Parijat brings hope for treating drug resistant malaria

Parijat — the night flowering jasmine — a common Indian plant,has been found to have anti-malarial properties.

Written by Express News Service | Lucknow | Published: February 19, 2010 4:40:09 am

Parijat — the night flowering jasmine — a common Indian plant,has been found to have anti-malarial properties.

Scientists have medically established the effect of Parijat leaves’ extract on malarial parasites and are now looking for the molecules responsible.

“Parijat leaves’ extract was being used in anti-malarial activities in western India,especially Gujarat and Maharashtra. But it is not widely discussed in Ayurvedic literature,” said Dr Ashok B Vaidya,Research Director of ICMR Advance Centre for Reverse Pharmacology in Traditional Medicine at Kasturba Health Society,Mumbai.

Vaidya was in the city to participate in the International Symposium on Current Trends in Drug Discovery Research 2010 organised by Central Drug Research Institute (CDRI).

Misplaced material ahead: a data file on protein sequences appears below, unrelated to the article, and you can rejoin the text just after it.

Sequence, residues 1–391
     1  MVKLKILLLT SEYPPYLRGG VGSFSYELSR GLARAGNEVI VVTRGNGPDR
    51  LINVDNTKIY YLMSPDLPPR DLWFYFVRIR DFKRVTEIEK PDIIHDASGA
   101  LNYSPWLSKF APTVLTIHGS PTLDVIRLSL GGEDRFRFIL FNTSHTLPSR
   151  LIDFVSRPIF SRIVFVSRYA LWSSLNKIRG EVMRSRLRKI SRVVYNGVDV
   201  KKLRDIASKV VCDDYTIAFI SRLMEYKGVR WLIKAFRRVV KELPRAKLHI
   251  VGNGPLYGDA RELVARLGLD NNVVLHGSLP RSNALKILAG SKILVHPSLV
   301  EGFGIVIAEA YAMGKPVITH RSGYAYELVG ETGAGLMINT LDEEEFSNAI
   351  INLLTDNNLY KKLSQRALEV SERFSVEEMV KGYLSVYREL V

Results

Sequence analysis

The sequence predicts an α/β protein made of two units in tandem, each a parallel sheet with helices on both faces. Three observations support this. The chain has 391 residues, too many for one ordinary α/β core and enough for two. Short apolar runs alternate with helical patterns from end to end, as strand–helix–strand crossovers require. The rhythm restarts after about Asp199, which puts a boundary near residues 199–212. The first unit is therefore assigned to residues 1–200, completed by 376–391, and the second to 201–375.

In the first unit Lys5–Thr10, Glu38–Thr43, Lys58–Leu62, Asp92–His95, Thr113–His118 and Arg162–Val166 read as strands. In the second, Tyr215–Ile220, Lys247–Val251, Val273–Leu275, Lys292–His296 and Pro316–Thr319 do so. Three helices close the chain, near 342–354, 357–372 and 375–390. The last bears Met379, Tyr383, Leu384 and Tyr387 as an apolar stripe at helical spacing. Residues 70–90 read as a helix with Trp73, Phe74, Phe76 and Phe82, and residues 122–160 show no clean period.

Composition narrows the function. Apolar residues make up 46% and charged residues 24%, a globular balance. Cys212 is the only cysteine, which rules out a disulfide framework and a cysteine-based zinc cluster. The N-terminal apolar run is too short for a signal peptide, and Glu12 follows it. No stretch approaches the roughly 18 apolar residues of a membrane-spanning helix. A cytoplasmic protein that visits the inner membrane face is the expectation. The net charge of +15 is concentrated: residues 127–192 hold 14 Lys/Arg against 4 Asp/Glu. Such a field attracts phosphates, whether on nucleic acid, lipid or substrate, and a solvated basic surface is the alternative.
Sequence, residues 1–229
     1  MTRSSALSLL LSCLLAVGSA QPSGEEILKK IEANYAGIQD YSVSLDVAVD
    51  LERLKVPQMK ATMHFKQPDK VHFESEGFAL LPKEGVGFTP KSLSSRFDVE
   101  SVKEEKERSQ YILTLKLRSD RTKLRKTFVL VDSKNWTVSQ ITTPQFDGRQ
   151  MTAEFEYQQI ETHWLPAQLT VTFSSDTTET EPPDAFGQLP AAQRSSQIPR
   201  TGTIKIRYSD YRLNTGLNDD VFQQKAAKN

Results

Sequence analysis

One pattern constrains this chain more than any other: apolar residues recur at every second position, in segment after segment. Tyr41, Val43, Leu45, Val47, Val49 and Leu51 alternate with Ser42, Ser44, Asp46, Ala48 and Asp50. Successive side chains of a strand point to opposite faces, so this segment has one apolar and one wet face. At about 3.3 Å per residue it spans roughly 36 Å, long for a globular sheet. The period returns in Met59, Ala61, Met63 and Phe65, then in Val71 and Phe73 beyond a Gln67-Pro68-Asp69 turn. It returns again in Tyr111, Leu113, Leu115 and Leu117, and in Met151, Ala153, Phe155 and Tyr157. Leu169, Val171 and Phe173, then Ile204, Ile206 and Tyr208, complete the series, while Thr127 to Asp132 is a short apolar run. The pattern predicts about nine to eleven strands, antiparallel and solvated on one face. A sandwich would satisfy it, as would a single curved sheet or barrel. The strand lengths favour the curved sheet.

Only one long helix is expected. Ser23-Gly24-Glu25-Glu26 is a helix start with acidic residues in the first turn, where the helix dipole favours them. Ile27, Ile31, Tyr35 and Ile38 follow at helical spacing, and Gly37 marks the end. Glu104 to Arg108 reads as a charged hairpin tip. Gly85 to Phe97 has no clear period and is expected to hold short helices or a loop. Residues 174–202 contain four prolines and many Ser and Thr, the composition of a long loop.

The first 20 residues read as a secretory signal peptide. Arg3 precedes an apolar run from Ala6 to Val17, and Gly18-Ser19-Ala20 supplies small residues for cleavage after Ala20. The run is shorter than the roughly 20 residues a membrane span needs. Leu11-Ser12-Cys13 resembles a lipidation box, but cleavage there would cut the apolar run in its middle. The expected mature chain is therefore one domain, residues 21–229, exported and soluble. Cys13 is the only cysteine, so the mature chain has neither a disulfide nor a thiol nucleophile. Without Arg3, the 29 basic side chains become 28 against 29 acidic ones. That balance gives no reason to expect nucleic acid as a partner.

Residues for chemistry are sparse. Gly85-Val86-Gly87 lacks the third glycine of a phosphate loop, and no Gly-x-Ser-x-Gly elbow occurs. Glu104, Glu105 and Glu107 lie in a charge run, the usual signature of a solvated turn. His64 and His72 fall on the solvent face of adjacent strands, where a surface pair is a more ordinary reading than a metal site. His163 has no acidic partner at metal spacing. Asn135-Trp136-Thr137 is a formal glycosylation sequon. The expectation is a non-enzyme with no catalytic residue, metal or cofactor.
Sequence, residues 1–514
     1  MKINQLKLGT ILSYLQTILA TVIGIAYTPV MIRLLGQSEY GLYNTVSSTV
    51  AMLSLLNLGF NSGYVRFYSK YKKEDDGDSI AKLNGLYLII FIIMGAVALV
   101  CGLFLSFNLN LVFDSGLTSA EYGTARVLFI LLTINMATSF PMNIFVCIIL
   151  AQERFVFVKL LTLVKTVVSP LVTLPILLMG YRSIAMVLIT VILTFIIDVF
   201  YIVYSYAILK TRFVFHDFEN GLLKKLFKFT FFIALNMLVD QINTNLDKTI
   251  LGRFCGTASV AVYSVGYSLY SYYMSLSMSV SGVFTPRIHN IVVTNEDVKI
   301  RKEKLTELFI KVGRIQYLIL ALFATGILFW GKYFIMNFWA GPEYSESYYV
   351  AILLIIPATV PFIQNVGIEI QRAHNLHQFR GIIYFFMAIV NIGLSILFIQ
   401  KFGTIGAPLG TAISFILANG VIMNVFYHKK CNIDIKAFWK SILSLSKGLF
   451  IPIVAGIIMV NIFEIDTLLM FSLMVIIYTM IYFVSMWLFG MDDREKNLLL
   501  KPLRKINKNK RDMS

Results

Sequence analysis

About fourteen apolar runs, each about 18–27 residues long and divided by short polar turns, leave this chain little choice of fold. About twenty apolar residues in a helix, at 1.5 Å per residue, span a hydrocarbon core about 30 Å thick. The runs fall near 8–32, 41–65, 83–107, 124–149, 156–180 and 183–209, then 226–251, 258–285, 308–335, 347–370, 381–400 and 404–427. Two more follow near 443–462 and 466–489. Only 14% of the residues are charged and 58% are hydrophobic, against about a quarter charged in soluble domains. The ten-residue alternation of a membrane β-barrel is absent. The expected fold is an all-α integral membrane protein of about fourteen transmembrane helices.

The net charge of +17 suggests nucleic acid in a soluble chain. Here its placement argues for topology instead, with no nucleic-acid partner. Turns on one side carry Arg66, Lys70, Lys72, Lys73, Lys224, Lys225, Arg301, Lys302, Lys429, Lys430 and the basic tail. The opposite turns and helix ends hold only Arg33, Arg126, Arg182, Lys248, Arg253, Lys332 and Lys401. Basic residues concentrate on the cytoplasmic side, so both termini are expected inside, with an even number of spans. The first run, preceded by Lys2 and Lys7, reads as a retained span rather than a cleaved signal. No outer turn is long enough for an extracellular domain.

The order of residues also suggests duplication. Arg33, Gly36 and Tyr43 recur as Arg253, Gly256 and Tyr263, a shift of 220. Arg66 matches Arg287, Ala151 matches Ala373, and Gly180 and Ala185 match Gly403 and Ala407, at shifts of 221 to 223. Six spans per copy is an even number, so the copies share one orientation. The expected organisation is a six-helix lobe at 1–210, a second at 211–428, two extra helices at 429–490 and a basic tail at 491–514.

On the second day of the four-day symposium,Vaidya gave a lecture on “Reverse Pharmacology in Traditional Medicine and Drug Discovery Research”.

“The Parijat leaf extract is effective against both types of known malarial parasite,but it is especially useful against even the resistant strain of Plasmodium Falciparum,” he said.

Found in certain pockets of the country including the northeast,the Bangladesh and Pakistan borders and around Delhi,Falciparum has grown resistant to the only available drug.

The parasite is found worldwide and accounts for as many as 40 per cent of malarial deaths in the state.

“Every day,some 3,000 children in sub-Saharan Africa die of malaria and the yet to be discovered molecule can be very useful,” Vaidya said. “Even the crude extract of Parijat leaves kill the parasites of malaria and patients can also consume the leaf extract directly by making a paste of three to four leaves at home.”

Recognised for his research on medicinal plants,Vaidya found people in western India using the extract of the leaves for malaria patients and started research on the plant six years ago.

“The process of identification of molecules responsible for the anti-malarial activity and their mechanism of action is still going on,” he said.

“Once the molecules are identified,we can either synthesise them in laboratory or grow the plant because,though not found abundantly in the country,it is easy to grow.”

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